This is the story of my husband's day yesterday and this is the story of mine: His: Benjamin drove a team of fifteen college-aged students out to a cistern work site in a village about an hour away, stopping to pick up more supplies on the way. He worked in cooperation with the local foreman in… Continue reading Something Beautiful: The Stories of One Day.
It was not the first time I had admired a certain vase made of burl wood sitting on table against a wall in my counselor-friend's living room. Rounded yet uneven, it was sanded smooth to show the complexity of the grains and stood about 30 inches tall. No human hand had carved it out from… Continue reading Intended for Wholeness.
My husband came to bed quite late the other night. I was still reading, when I should have slept. But I could hardly help myself. The book, which I am still carefully reading with a pencil in hand, is a wondrous true tale. It is a humble, elegantly written and engrossing work by a woman… Continue reading So Many Roads.
"Mama, she is sitting alone on the floor in the corner of my room with her plate, eating her lunch there!" cried my then 7-year old son. This was the second time we saw Tere, our once-a-week "maid" take her afternoon lunch break this way. Not only that, but she shuffled when she walked and… Continue reading Power Distance and Gospel Power.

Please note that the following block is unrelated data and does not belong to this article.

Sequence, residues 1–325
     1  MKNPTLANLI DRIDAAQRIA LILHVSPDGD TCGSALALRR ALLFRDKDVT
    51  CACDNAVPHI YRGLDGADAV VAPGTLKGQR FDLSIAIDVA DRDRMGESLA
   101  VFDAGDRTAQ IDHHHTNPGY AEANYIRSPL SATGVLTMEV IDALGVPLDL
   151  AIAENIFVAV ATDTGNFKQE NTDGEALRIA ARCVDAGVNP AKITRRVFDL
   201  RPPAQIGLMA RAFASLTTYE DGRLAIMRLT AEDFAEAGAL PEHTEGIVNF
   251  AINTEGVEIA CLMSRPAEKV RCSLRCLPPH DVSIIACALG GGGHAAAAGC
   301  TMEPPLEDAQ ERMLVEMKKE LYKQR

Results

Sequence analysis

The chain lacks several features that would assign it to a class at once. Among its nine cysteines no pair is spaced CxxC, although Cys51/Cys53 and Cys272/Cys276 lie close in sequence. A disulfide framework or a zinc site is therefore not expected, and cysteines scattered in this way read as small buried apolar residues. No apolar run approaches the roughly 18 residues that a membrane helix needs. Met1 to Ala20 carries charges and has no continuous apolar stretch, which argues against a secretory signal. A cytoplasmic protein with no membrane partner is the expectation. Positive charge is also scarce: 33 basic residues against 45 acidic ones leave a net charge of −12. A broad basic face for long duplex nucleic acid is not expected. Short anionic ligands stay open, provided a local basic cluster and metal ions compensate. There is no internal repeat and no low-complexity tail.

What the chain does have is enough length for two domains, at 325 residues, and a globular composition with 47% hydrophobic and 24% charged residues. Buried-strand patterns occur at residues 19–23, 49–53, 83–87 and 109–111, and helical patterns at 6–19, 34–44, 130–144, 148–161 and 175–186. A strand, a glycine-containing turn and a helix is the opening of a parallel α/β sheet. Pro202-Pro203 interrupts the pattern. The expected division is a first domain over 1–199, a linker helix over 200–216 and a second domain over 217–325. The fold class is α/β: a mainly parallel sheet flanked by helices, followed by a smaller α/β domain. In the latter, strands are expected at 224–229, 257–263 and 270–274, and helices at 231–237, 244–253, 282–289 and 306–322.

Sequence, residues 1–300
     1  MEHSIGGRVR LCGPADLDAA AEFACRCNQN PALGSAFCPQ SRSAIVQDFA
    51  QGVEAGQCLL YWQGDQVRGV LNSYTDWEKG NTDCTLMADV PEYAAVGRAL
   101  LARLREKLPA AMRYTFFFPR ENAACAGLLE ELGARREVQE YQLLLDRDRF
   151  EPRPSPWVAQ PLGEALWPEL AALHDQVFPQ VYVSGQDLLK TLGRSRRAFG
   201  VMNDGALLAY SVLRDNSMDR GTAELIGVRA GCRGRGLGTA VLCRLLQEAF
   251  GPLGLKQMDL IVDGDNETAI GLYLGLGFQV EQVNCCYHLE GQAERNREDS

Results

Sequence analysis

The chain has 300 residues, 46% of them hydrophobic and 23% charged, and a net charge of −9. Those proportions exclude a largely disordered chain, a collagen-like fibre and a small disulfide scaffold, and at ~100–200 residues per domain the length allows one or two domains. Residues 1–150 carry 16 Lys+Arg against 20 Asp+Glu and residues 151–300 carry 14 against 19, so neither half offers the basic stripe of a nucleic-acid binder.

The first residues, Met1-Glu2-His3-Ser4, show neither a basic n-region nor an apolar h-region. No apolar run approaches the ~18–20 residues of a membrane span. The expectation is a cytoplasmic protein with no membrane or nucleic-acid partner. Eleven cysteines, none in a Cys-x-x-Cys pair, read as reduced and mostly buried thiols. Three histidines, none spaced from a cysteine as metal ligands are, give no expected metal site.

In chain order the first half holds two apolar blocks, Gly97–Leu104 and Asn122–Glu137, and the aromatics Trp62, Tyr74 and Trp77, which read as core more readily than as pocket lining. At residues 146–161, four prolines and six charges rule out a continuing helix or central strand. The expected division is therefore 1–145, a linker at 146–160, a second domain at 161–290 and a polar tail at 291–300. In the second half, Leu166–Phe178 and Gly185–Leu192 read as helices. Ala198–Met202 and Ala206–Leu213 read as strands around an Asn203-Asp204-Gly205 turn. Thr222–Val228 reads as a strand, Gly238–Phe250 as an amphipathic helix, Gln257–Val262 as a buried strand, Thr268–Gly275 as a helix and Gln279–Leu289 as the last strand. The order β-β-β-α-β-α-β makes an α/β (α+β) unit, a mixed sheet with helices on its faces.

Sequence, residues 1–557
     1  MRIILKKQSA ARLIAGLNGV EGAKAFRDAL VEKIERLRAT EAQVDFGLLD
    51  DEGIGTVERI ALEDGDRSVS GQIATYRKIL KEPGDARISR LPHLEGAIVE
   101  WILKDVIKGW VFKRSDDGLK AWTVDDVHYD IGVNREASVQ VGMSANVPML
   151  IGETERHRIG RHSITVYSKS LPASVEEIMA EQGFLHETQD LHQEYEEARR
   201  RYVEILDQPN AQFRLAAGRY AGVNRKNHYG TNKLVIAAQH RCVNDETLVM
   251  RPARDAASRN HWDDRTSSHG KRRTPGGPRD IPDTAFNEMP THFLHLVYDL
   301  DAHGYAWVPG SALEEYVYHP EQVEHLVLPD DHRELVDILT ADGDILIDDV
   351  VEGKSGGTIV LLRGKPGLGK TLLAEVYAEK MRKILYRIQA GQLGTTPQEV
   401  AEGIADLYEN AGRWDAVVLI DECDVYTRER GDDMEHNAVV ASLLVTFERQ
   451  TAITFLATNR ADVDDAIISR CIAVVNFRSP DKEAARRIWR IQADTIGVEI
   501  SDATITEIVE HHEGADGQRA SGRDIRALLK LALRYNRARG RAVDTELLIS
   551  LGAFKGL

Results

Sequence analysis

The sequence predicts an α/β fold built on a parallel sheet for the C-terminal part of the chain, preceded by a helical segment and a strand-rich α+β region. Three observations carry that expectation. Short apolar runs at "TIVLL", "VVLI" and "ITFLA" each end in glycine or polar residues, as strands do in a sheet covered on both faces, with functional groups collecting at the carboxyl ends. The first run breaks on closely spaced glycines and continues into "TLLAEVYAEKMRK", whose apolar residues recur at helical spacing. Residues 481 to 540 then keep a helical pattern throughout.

In a culture where the name of Jesus is not unknown to anyone, the meaning of His death and life is strangely obscure. Which is why, in some ways, it is said that it is harder to bring others to the Gospel here than in a Muslim country. Why? Here, they are so close, yet so far away. So very far away. Here, Jesus stays on the cross. His suffering is still happening and the more one can share in that suffering the greater one can earn favor in heaven and heaven itself. Which is why, when working in many of the villages where the more "simple" dwell, there is little grumbling or complaining. They are conditioned to be content with their lot in life not out of gratitude, but more so out of the belief that if they suffer well and suffer much, divine favor will rest upon them.
Becoming a missionary in foreign soil has a way of making your roots looser—the tentacles to this world don’t attach so tenaciously. How can they when you find yourself in a place that is utterly unlike all of your cultural programing? Your anchor is no longer hooked between the rocks of familiarity, but in Who is there when all those rocks roll away -- Jesus.